Metaphors for non-humans

Some observations on how we talk about the non-human. I confess to having watched a number of National Geographic videos on youtube recently, and while I enjoy the visuals, the narration has been less appealing. One of the things I noticed repeatedly was an urge in the script writer(s) to apply human metaphors to pretty much everything. The stand out awful one was describing a flying fox as being like Dracula leaving his lair.

Dracula of course is powered by imagery drawn from the natural world and from the (bizarre to me) idea that bats are somehow creepy and sinister. The bats are not like Dracula. Dracula is like the bats. However, when we turn ideas on their heads like this, there are some uneasy consequences.

If you have to recast the non-human world in terms of human metaphors to present it, you are sending people a message that they are separate from what they are seeing. Other living beings can only be understood on human terms. They are like commuters. They are like ballet dancers, leaping gracefully from rock to rock. They are like gymnasts. As if we can only understand other beings by saying how they are similar to us. As though the behaviour of other beings cannot be described purely on its own terms. We can’t look at goat-like creatures jumping about on rocks and say that they are agile. How are we supposed to empathise with an agile mammal on a rock? Most of us know little or nothing about ballet, yet the idea of unfamiliar mammals as ballet dancers clearly worked for someone.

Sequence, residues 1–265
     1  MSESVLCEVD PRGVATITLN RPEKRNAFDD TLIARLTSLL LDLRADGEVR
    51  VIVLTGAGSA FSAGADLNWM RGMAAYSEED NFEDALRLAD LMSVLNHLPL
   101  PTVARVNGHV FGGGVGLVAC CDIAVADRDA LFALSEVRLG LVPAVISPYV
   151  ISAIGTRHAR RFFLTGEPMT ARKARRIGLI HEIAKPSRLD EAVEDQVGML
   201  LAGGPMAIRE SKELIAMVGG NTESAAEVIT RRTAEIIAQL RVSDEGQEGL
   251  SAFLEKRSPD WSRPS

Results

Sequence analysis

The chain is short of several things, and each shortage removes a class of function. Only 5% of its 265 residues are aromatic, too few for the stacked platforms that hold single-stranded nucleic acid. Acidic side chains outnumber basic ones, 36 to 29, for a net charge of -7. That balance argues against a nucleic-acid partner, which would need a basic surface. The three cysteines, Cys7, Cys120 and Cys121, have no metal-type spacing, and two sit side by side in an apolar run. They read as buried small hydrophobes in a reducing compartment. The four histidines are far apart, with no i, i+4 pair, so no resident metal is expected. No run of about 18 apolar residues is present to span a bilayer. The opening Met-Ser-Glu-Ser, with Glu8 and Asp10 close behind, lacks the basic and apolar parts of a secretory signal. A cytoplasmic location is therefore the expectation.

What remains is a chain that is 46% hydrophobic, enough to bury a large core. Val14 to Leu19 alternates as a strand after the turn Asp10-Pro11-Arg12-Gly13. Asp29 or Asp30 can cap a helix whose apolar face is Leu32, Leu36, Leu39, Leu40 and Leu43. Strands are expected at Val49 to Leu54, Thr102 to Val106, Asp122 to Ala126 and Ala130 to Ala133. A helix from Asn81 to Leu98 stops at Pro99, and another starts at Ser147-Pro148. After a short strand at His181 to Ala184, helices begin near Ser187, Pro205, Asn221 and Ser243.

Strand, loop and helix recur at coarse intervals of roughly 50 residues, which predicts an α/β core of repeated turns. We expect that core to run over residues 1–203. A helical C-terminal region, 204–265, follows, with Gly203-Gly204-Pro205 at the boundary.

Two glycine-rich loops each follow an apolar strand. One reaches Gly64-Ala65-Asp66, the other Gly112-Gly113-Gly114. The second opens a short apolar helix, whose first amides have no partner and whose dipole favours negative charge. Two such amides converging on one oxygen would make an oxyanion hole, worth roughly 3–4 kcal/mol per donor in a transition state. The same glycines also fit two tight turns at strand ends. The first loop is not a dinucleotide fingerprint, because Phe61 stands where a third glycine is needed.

When we do this, we normalise human activity and make the activity of other beings seem other. If it is only by reference to human culture that we can hope to understand them, we make human culture the key point of reference. Most of the examples I’ve described – and I don’t think this is a coincidence – are about forms of entertainment, too. We are encouraged to look at autonomous living beings as human entertainers. We are to see their utility, their benefit to us and not their individual experience of their own lives.

Metaphors and similes are a great way of creating feelings of connection. Used well, they can increase empathy and understanding. Used badly, they assert human dominance and superiority. If we see the world in terms of being like us, we reduce it.


About Nimue Brown

Druid, author, dreamer, folk enthusiast, parent, wife to the most amazing artist -Tom Brown. Drinker of coffee, maker of puddings. Exploring life as a Pagan, seeking good and meaningful ways to be, struggling with mental health issues and worried about many things. View all posts by Nimue Brown

6 responses to “Metaphors for non-humans

  • Ryan Cronin

    Well, poetic descriptions of nature are full of such metaphor as, of course, are so many old myths: the salmon is wise, the crow is tricky, the fox cunning etc. But you do have a point and it’s definitely worth considering when we use such metaphors; are we silencing the animals’ stories to tell our own?

  • tim waddington

    I think language fails us here. Words like empathy or understanding are constructs which enable us to compartmentalize the simple being of a goat, or if you like, the rock upon which it has leapt, in our human (or, to be more pedantic, anglo-saxon twenty-first century) way of looking at the world. Does the goat empathize with me? Or the rock? I imagine not, nevertheless, we have a relationship, and it is up to me to try to frame that relationship so that it feels (to me) positive. How the goat or the rock perceives this is absolutely beyond my understanding (which, as I said is a human construct and probably not too helpful in relating to non-human beings). Being grateful for this interaction seems to me a good start.
    Trying to explain this to other people who do not share this perception of the world is a great way to underline their perception of me as completely whacked out – showing by example has a better chance. As I said at the beginning, I do not believe that language is a useful tool in this context.

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